I am continuing to enjoy the Time of EVE: and here’s why

So I’m posting about a thing I have already written about. And there’s a reason for that. It’s reeeeeeeeeeeeealy goooooooooooood. Also it’s on Crunchyroll for streaming this weekend only so I thought I should finally finish this review up.

So yeah, Time of EVE. I watched the English dub shortly after my last blog post, and it’s been bouncing through my head since then. It was back when I was in uni when I watched the ONA, and I think it was kind of because it was a bit of a novelty back then… it was simultaneously released in English on Crunchyroll, and this was before the modern era of everything getting that. I think I still have the AVI files that they sold as legit digital downloads then (yes I checked I do). I don’t remember how much of an impact it made on me back then… I certainly thought it was cool that it namechecked stuff like the Three Laws of Robotics (being one of those people who thought Isaac Asimov was THE BEST THING EVER when I was in high school). That was back in 2008, apparently (or at least that’s when it started), which it occurs to me was like 7 years ago.

The thing about Asimov’s stories, though, is that a lot of them weren’t so much stories as they were clever logic puzzles disguised as stories. Like “oh well it LOOKS like they’re breaking the Three Laws but actually there’s this really clever reason for that”. They honestly weren’t exactly great character pieces… even the recurring human characters were more one-note personalities than anything else. His robot-based novels had a bit more plotline and character building, but I still have horrible horrible memories of super awkward sex scenes.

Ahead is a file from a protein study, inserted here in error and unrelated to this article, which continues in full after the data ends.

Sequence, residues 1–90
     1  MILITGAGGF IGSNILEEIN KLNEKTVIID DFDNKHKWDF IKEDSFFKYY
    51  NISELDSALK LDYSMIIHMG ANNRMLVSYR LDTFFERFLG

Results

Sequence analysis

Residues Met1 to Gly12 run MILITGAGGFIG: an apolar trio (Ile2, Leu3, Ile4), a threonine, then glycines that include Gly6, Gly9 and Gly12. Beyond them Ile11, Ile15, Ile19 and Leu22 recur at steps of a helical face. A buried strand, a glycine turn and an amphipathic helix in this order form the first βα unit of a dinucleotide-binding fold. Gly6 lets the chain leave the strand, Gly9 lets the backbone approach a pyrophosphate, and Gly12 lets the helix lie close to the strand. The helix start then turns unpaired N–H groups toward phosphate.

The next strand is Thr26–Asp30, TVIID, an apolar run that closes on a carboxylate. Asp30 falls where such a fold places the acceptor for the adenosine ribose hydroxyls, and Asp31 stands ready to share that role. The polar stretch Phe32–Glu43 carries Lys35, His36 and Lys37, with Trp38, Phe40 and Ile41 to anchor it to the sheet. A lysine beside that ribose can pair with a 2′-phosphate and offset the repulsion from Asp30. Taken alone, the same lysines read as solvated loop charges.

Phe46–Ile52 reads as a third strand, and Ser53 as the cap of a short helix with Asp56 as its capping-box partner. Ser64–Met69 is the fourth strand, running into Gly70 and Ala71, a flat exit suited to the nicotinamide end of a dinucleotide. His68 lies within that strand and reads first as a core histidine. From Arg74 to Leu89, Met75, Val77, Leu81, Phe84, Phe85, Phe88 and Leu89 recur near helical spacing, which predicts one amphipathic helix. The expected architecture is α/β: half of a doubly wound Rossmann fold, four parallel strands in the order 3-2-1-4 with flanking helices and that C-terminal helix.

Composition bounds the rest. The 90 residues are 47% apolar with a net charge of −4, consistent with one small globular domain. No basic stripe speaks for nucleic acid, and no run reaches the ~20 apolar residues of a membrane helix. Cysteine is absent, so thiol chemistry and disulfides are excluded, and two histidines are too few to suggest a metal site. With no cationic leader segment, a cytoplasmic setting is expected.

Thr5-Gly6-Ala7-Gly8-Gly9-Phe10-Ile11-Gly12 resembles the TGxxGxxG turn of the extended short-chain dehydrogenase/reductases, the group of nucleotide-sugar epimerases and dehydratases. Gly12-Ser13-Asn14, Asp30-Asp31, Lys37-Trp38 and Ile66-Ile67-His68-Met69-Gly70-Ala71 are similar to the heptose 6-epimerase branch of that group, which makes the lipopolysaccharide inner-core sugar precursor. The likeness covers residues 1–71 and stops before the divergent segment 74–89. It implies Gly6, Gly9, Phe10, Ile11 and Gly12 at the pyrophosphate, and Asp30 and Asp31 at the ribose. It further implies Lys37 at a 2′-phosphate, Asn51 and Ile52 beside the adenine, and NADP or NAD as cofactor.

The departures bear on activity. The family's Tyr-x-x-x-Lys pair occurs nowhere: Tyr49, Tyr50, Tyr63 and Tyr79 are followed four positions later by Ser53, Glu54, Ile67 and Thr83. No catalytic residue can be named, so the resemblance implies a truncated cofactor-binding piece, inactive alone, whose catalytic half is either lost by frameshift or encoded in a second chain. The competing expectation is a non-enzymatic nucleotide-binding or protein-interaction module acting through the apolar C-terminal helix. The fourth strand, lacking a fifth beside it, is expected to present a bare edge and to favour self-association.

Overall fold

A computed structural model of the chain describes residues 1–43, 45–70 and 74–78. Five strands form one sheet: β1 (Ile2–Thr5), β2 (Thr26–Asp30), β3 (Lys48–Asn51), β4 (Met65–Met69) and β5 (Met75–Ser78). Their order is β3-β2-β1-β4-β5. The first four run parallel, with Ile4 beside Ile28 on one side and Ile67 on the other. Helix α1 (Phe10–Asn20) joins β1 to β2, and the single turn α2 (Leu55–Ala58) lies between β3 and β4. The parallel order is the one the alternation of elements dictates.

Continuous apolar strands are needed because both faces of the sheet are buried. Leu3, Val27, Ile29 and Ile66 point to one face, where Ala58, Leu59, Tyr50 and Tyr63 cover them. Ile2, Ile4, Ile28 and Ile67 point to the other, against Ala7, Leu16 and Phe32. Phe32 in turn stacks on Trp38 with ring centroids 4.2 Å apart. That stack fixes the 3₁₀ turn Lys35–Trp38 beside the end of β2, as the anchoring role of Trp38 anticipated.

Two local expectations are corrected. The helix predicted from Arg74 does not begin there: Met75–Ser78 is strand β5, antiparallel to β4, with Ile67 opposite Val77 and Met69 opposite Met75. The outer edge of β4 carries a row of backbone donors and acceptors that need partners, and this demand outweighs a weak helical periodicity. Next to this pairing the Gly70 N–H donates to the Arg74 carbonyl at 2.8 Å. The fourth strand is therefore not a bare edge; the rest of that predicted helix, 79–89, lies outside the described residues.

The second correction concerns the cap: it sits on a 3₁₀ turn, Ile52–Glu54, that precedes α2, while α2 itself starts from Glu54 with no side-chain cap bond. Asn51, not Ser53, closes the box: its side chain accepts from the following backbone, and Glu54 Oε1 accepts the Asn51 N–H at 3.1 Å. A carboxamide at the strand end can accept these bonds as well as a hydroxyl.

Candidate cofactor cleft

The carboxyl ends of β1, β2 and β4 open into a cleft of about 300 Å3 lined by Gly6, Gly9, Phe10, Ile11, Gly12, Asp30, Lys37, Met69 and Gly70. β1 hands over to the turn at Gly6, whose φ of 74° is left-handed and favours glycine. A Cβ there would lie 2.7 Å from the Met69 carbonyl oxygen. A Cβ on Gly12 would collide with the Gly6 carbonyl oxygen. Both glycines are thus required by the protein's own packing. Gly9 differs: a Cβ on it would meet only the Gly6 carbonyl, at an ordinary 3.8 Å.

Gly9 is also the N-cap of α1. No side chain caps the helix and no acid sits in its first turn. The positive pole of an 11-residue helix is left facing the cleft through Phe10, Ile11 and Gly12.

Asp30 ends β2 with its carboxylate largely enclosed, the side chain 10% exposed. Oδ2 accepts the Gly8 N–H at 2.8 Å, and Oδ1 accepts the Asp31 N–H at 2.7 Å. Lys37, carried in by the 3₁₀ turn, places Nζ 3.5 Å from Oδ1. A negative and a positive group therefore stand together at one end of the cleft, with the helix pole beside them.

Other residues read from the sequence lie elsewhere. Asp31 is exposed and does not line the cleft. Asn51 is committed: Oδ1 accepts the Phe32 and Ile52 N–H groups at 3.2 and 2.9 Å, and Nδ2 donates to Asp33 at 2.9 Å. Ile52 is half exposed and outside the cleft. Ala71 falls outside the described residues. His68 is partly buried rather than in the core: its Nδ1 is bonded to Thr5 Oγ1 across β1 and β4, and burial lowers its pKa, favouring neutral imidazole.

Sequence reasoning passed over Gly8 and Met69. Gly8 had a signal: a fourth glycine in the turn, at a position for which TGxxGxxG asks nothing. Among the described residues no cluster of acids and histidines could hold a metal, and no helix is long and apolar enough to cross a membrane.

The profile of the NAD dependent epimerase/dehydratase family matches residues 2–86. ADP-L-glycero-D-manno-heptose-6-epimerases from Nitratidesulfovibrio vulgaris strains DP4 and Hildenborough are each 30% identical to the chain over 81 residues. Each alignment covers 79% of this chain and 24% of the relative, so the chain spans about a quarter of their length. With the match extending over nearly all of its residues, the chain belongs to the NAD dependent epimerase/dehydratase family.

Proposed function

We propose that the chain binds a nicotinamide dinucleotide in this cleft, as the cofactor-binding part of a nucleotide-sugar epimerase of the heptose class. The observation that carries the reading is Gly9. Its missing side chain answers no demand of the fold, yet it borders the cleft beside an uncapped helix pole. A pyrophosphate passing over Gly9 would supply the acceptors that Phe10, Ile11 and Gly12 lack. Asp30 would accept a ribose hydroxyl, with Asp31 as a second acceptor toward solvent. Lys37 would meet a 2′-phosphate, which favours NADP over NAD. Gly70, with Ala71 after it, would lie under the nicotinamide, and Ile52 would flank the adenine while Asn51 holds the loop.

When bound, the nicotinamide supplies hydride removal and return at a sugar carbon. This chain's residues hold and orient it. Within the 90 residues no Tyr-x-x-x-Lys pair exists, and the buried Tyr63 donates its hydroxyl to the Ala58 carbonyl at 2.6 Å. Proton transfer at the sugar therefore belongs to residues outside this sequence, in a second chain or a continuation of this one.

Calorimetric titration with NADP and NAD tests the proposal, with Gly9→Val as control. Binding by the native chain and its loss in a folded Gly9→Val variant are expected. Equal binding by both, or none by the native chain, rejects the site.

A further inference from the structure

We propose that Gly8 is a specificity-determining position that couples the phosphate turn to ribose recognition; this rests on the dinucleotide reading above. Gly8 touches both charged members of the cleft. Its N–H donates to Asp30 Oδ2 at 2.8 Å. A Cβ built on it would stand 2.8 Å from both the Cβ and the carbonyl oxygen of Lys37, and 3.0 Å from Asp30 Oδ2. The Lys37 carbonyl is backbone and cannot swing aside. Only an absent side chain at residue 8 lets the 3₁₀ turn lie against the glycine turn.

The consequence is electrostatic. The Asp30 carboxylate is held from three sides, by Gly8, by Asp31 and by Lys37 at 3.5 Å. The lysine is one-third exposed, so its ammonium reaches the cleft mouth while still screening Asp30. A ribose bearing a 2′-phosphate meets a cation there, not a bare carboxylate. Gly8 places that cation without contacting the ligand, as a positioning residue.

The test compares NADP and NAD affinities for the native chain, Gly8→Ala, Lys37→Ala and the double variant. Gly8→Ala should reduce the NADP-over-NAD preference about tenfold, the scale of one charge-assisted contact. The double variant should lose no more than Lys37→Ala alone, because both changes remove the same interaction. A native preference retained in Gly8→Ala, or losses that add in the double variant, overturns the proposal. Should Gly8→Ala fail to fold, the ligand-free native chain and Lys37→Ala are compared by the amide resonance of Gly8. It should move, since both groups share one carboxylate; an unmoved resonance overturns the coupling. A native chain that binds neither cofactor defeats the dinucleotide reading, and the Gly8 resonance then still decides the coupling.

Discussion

Time of EVE, on the other hand, is very much about the characters. The robot characters as well as the human ones. Writer/Director Yasuhiro Yoshiura clearly has a very different view as to what a robot is compared to Asimov… in fact it reminds me more of some of the themes you have in Astro Boy, like the “robots are fully-realised emotional creatures but they just want to make humanity happy” sort of idea.

The world of Time of Eve has always intrigued me. At the beginning of the film it’s described as “The future, probably Japan”. It’s more than just “probably” Japan though, based on the character names and stuff, but I wonder how much the Japanese setting influences the attitudes of the society portrayed. It strikes me as something of a conservative society, where weirdness and individuality is suppressed, which seems in line with how modern-day Japan is… So it’s maybe something of a commentary on this.

Since it’s an animated film, I should probably comment on the animation. The original production was fairly low-budget, but since this is very much a character driven piece rather than an action thing it still looks good. It’s also interesting to note that the backgrounds are done with CGI… I think most anime go for hand-painted backgrounds so it gives it a different feel.

I should probably talk about the plot. Basically it’s set in a future with robots and androids, and it explores how people and robots interact. The main plot follows two high-schoolers who find a cafe where androids and humans aren’t distinguished between (normally androids have a holographic ring above their heads), and they have their preconceptions challenged.

I feel like I’m being unnecessarily vague and wishy-washy about this film. Trust me it’s really good. Hopefully I’ve inspired you to check it out.

And it’s on Crunchyroll this weekend! And in theory this should link you to the film itself (once it’s up).

Also there’s a blu-ray release that I talked about earlier in case you missed that.

And that blu-ray is on amazon and righstuf now if you wanna buy it, I got it through the magic of kickstarter.

There’s a bunch more merchandise for it that I’ve got, I’ll probably do another obnoxious photos post in the future.

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